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How do you prove that distracted driving caused a crash?

On Behalf of | Feb 23, 2023 | Car Accidents |

Say you are driving along when a vehicle crosses the center line, colliding violently with your car. During your recovery, you recall observing the driver in the other car arguing with a passenger just before the collision.

You have your memories, and maybe other occupants remember the same events, but that isn’t enough to prove distracted driving. What kind of hard evidence should you look for to substantiate your claim?

Motorist confession or admission

Occasionally, at-fault drivers admit they were distracted at the time and voluntarily take responsibility for the motor vehicle accident. When they do confess, it can add support to your accounting of how the crash happened.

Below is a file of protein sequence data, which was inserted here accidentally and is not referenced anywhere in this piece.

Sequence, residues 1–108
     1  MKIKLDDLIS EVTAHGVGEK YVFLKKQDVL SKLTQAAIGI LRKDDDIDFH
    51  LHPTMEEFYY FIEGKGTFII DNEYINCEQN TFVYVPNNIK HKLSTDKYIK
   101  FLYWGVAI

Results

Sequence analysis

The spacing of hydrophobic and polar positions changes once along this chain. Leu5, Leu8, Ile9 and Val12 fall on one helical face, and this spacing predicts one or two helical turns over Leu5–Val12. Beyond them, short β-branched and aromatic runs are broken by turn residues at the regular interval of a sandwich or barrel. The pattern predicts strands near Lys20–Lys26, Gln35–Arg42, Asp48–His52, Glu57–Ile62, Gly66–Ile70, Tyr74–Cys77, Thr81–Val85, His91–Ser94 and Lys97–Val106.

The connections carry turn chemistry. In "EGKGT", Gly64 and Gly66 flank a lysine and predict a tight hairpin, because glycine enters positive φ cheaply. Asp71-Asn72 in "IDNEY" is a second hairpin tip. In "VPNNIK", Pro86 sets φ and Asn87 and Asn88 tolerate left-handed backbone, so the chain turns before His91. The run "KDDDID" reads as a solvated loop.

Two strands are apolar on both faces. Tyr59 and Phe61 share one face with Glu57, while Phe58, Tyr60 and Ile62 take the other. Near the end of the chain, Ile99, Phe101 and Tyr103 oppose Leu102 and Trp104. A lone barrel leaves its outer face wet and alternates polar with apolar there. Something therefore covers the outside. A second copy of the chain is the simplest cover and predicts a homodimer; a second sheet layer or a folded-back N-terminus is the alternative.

Law enforcement accident report

Police officers called to the crash scene must complete and file a report about the incident. These reports contain details about the crash scene and sometimes an initial opinion about how the accident happened, perhaps further supporting your claim.

Photos and videos

Since most people have a cellphone, there is an excellent chance that someone took pictures or recorded video of the crash. If you cannot find any potential witnesses, traffic cams or nearby security cameras may have captured the vehicle accident.

Cellphone records

When texting is the distraction, the other driver’s phone records can help prove they were not paying attention when the accident occurred. In light of the generally harsh stance against texting behind the wheel, these records can add substantial weight to your claim.

Since West Virginia is an at-fault accident state, solid evidence proving your case can help ensure that you obtain the compensation you deserve from your accident claim or lawsuit.